Little known facts about Ireland that may surprise you.
2. The smallest Irish Gaeltacht is in Paris where 350 Irish speakers have formed an Irish-only group called An Gaeltacht-sur-Seine.
3. Winston Churchill lived in Ireland from the age of two to six, at what is now Aras an Uachtarain, the president’s home. His father was secretary to his grandfather, who was Viceroy in Ireland.
Churchill fondly remembers playing in Phoenix Park with his nanny Elizabeth Ann Everest, whom he called 'Old Woom.' She served as his confidante, nurse, and mother substitute.
4. Pope Francis lived in Dublin for three months in January 1980 learning English at the Jesuit center, in Milltown.
The July 1980 edition of the Jesuit bulletin, the Irish Province News, notes that among the "constant stream of visitors who found hospitality with us we may mention Fr Jorge Bergoglio, ex Provincial of Argentina and Rector of our Theologate in Buenos Aires."
5. Che Guevara was proud of his Irish roots.
“The first thing to note is that in my son’s veins flowed the blood of Irish rebels,” said Che Guevara’s father whose family descended from the Lynches of Galway.
Che visited Ireland and was interviewed on Irish television:
6. Ulysses S. Grant was the first US president (though he was out of office) to visit Ireland.
Grant landed in Dublin on January 3, 1879 and began his five-day visit to the island. He stayed at the Shelbourne Hotel, in Dublin. Later that evening, Grant was made an honorary citizen of Dublin – a title that would be offered to Presidents Kennedy and Clinton many years later. Grant was given a “tumultuous reception” in County Derry where he received another honorary citizenship. In Belfast he visited the Harland and Wolff shipyard, before returning to Dublin and departing for the Far East.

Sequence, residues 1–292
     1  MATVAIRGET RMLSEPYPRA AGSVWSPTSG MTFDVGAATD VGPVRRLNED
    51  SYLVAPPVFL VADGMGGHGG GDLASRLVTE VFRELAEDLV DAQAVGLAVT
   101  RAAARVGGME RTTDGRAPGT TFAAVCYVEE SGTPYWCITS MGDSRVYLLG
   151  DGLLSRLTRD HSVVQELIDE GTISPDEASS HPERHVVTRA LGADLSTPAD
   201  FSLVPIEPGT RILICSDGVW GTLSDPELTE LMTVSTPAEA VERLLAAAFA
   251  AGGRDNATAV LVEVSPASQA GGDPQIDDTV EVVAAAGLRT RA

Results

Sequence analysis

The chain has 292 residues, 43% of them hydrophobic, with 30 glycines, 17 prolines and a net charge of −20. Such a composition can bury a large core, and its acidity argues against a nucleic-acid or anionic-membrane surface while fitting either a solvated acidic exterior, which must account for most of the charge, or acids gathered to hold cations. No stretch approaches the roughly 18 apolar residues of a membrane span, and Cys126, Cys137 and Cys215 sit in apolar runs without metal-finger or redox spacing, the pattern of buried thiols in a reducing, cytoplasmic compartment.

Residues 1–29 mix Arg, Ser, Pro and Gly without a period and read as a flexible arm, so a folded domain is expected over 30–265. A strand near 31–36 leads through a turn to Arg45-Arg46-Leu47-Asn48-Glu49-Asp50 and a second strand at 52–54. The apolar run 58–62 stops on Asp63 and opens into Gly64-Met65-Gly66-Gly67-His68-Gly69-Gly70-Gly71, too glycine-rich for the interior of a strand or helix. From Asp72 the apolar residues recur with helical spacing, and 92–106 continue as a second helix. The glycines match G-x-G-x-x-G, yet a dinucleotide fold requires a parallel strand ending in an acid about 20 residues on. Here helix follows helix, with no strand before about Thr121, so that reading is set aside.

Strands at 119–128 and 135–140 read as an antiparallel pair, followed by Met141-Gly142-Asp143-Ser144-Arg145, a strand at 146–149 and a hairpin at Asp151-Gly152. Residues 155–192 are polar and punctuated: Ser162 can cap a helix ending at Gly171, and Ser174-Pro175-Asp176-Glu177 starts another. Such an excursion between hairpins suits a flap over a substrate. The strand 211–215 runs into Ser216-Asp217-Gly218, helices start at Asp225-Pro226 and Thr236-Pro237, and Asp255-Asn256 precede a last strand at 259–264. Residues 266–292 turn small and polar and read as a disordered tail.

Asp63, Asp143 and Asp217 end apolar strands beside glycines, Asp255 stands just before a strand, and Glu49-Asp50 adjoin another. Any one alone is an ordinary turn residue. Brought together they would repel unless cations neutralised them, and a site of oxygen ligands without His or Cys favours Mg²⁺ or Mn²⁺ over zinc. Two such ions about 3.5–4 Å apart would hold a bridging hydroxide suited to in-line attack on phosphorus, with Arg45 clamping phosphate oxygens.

7. The great anti-slavery crusader Frederick Douglass spent two years in Britain and Ireland.
Writing about Ireland he said, “Instead of the bright, blue sky of America, I am covered with the soft, grey fog of the Emerald Isle [Ireland]. I breathe, and lo! the chattel [slave] becomes a man. I gaze around in vain for one who will question my equal humanity, claim me as his slave, or offer me an insult. I employ a cab—I am seated beside white people—I reach the hotel—I enter the same door—I am shown into the same parlor—I dine at the same table—and no one is offended... I find myself regarded and treated at every turn with the kindness and deference paid to white people. When I go to church, I am met by no upturned nose and scornful lip to tell me, 'We don't allow n*****s in here!'" – from "My Bondage and My Freedom."
8. The largest crowd in Irish history occurred when an estimated 1.25 million people attended the John Paul II papal mass in Dublin's Phoenix Park in September 1979. That is one in three of the population of the Irish Republic were there. The second largest was at Daniel O’Connell’s 1843 rally on the Hill of Tara in Meath to repeal of the Act of Union, which was passed in 1800. O’Connell himself claimed there were 1.5 million, but other sources claimed 500,000.
* Originally published in 2014.